Counting crocodiles in Madagascar

Kai Westwell from Kilmuir north Skye has only ever seen crocodiles in a zoo, but he is now 9,000 miles away in Madagascar tracking them down at night.

The nineteen-year-old ecological and environmental science undergraduate at Edinburgh University last week began a five-week research expedition with Operation Wallacea, a network of American and European academics which conducts fieldwork on endangered species and habitats all over the world. He set off for the island earlier this month, flying from Edinburgh to Paris and then direct to Antananarivo, the capital of Madagascar.

He will be camping for much of it, going out in a boat at night with a spotlight to count the crocodiles on the tiny island of Nosy Be, just off the north west coast of Madagascar. Getting there involves a 16-hour drive in an all-terrain vehicle, which will take him through the dry forests of the Mahamavo interior, where he will also be counting spring-tailed lemurs and chameleons as part of his research expedition. A wooden shack in the village of Mariarano, which he’ll be sharing with the rest of the ream, will be his home when he’s not camping.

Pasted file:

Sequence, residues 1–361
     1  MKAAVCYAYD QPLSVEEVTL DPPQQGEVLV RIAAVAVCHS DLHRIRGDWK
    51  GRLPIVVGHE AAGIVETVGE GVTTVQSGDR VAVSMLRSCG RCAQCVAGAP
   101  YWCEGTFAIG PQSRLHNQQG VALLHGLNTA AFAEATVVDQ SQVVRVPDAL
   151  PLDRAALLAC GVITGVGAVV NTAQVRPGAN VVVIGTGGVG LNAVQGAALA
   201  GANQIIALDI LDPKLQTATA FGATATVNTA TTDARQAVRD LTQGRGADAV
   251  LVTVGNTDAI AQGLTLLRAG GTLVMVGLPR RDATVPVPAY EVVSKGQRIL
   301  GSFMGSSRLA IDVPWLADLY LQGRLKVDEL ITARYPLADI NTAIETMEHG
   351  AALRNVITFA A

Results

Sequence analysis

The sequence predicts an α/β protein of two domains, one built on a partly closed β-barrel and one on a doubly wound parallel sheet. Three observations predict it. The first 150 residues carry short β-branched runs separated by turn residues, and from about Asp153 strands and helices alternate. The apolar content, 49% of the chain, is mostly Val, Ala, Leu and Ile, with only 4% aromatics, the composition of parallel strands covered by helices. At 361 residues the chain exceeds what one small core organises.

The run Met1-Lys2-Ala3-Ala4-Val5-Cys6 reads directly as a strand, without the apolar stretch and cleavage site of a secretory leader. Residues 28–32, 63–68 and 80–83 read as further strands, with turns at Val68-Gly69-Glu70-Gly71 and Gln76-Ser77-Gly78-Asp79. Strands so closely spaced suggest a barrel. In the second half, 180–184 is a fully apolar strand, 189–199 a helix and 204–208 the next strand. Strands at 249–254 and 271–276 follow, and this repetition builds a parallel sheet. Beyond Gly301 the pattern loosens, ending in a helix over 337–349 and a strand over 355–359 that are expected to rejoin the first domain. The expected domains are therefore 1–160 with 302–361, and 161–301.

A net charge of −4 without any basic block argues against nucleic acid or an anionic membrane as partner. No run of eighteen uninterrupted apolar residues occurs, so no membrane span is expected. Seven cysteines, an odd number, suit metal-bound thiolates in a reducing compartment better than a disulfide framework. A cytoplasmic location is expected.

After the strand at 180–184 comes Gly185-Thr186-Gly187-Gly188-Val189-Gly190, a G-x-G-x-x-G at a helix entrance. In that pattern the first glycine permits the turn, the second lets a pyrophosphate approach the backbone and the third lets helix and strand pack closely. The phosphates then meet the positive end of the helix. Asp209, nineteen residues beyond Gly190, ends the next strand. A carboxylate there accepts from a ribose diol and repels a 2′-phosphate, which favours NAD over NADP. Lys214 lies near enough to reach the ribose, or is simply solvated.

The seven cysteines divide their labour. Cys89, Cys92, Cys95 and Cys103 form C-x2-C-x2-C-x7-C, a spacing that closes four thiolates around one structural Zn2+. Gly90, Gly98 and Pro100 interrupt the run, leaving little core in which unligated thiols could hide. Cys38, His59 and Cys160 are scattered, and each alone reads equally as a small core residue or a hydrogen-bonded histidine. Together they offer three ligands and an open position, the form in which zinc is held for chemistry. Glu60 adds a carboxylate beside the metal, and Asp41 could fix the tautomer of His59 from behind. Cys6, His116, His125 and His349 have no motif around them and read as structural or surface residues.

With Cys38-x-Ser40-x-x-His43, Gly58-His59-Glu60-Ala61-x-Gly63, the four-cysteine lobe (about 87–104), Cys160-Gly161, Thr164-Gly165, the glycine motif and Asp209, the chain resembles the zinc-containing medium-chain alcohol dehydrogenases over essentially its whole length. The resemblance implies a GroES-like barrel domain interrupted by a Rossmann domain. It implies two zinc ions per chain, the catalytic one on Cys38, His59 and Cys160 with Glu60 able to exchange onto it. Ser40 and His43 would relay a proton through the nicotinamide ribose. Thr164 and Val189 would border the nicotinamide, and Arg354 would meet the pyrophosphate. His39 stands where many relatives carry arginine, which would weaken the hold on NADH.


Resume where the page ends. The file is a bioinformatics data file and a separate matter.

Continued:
A former pupil of Portree High School, Kai volunteered for the trip, choosing Madagascar over Honduras, South Africa and Indonesia, which are also surveyed by Operation Wallacea. He will also be completing his Professional Association of Diving Instructors course in scuba-diving and is already a qualified pilot, having learned with the Skye Flying Club.

“They have a training pool level with the ocean so that’s where I’ll be learning,” he told the Free Press before he left. “I’ll also be helping to conduct 3D mapping of the seabed, including coral habitats, when I’m there. But deforestation is the main issue on Madagascar. I have only seen crocodiles behind glass and I’m looking forward to seeing them for real. They are most active at night so that’s when we have to go out.”

With no phone signal or wifi for most of his visit, Kai will have to wait before creating a photo-diary of his excursion.

“I’d like to thank the Isle of Skye Rotary Club and Inside Out (outdoor clothing shop) for helping to fund my trip,” he added.